You probably already know how to use a capo to change the pitch of a song to match a singer’s range. But did you know that you can use the capo to find new ways to “voice” a chord, or even create a signature guitar part?
Remember that the moment you clip on that capo you have fundamentally changed the sound of your instrument, because the entire string no longer vibrates. So by adding the capo we change the “scale length” of the guitar….”scale” in the sense of measurement, not the musical kind. This brings out different sounds that might remind you of other instruments with a shorter scale length, like a ukelele or mandolin. Try putting a capo on the seventh fret and strum a D shape…you’ll notice that the sound has a character of its own up there. Listen to the Beatles’ “Here Comes The Sun” for a definitive example.
This is also the reason why you sometimes see artists onstage backed by multiple acoustic guitarists. Three guitars with capos in different places can play the same chord in three different ways, creating a sound that is much fuller and richer than a single guitar or multiple guitars played in the same place. (You hear this effect on studio recordings all the time). This article is an introduction to how we learn to do this.
First of all, understand that when we clip on a capo we are “transposing”. That means that we are changing the key of the song, but without having to change the shape of the chords we use. Very convenient until you realize you may have no idea what chord you’re actually playing! So it helps to understand how transposition works on the guitar.
You may already know that there are twelve notes used in music: the letters A through G, plus a series of in-between notes called sharps and flats. Note that an in-between note can be “spelled” as either a sharp or a flat….more on this later, but basically which one you choose depends on the other notes that surround it. The letters A through G plus the sharps/flats in between form what we call the chromatic scale. Here is the scale spelled out using both sharps and flats….note that a sharp looks like a pound or number sign, while a flat looks like a lower-case letter b.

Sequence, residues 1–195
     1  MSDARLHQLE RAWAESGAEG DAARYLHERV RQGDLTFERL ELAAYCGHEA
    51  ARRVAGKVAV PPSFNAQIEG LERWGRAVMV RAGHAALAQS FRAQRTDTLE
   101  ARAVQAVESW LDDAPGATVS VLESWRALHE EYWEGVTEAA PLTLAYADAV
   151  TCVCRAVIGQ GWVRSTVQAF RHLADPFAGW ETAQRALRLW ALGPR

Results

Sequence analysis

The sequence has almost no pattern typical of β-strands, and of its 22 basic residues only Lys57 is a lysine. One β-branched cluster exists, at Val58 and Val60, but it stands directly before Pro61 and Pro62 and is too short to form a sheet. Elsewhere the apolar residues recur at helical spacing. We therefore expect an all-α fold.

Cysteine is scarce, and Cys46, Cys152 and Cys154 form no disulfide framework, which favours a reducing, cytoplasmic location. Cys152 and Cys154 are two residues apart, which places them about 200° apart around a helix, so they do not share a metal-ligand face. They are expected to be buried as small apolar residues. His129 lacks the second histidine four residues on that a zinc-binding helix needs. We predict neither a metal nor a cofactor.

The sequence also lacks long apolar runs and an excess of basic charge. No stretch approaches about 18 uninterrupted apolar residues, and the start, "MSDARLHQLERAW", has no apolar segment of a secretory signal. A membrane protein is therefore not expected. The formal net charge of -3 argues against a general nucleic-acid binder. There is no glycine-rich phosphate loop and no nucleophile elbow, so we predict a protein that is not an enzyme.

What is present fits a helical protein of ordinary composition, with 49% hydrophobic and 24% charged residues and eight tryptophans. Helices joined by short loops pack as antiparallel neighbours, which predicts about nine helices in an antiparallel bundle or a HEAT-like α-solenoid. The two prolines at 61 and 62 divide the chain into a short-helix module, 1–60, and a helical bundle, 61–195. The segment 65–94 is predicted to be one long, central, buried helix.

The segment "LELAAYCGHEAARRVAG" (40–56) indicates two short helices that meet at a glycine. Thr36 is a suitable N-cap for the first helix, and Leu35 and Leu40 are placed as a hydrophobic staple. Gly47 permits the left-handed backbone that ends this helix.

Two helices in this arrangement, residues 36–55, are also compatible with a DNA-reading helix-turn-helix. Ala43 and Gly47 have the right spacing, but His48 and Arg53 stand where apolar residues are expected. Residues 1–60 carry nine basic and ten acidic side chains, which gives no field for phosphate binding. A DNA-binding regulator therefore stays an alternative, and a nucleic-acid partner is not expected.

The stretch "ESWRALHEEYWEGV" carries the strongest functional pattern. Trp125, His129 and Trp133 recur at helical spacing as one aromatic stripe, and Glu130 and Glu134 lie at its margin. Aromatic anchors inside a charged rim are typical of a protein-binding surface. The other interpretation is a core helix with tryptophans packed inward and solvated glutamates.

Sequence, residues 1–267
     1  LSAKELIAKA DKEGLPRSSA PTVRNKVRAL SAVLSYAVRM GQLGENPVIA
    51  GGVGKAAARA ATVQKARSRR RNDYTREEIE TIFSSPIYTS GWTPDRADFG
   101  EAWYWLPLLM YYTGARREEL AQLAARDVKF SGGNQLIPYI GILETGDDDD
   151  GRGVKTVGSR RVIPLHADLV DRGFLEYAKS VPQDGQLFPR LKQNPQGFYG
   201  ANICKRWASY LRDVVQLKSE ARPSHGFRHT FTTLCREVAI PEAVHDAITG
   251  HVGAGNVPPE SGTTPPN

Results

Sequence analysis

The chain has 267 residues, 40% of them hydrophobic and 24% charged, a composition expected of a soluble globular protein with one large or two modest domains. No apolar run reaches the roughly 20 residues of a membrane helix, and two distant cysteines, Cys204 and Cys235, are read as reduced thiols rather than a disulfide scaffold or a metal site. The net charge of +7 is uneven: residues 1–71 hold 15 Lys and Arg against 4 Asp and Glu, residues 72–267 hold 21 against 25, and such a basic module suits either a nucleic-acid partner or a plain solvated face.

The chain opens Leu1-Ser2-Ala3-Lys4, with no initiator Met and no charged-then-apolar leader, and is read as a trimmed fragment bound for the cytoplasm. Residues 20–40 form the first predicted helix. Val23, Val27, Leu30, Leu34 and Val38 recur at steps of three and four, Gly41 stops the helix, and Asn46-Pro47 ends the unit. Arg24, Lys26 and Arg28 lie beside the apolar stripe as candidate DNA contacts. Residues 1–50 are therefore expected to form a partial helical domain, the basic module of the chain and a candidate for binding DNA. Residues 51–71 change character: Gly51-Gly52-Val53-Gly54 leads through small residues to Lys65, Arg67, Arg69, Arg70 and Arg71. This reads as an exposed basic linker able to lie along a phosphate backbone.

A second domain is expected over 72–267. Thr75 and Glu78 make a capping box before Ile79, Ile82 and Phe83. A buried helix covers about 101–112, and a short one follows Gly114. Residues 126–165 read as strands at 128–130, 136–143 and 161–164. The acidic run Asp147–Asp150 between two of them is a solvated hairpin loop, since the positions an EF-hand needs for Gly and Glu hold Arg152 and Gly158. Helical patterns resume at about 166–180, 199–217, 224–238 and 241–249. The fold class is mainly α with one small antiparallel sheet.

Using sharps: A A# B C C# D D# E F F# G G#
Using flats: A Bb B C Db D Eb E F Gb G Ab
By the way, notice that there’s no B sharp, E sharp, C flat, or F flat. (There CAN be, but not for our purposes…..too confusing and not useful). And note that the in-betweens, the sharps and flats, are interchangeable if they occupy the same position in the sequence….in other words, the note between C and D could be called C sharp OR D flat and would sound the same either way. So from here on I’ll express these notes as C#/Db, D#/Eb, etc.
The sequence will repeat over and over again no matter where you start. As written, the sequence would start over on A, but you could start from any other place and the notes will appear in the same order, with A always following G#/Ab.
On your guitar, every fret is one note of the chromatic sequence. So a C chord with a capo on the first fret becomes C#/Db (the next note in the sequence) while a C chord with a capo on the third fret becomes D#/Eb.
There’s a lot here to learn, but you could start by memorizing a few capo locations and the corresponding keys. Then as these become familiar, transposing is as simple as moving the capo up or down the right number of frets. Here’s some common ones to get you started:
Key of A: capo 2 and play in G, capo 7 and play in D, or capo 9 and play in C.
To get to A#/Bb, B, or C, move the capo up one, two, or three frets from these locations.
Very important: note that I said “play IN G”, not “play G”. When you play a G shape with the capo on fret 2, the chord that sounds is an A. The next step is to apply the same transposition to the other chords in the key of G. Fingering A minor sounds as a B minor, while a C shape sounds as D.
With that said, here’s some more:
Key of C#/Db: capo 1 and play in C, capo 4 and play in A, or capo 6 and play in G.
To get to D, D#/Eb, or E, move the capo up one, two, or three frets respectively.
Key of F: capo 1 and play in E, capo 3 and play in D, capo 5 and play in C, or capo 8 and play in A.
To reach F#/Gb, G, or G#/Ab, move the capo up one, two, or three frets as before.
Memorizing these locations allows you to reach all 12 keys with just a basic knowledge of music theory. Add a basic familiarity with the Nashville Number System and you have the entire neck open to you in all twelve keys. (For more on the number system, check out Chas Williams’ definitive book on the subject, “The Nashville Number System”).
If you find all of this confusing, don’t despair….just pick one example and play with that for a while until you can remember it easily. Then slowly add more until you’ve built a vocabulary of options. There’s so much to know that it’s easy to get overwhelmed, so sticking to bite-sized pieces of information keeps the task manageable. Good luck and have fun!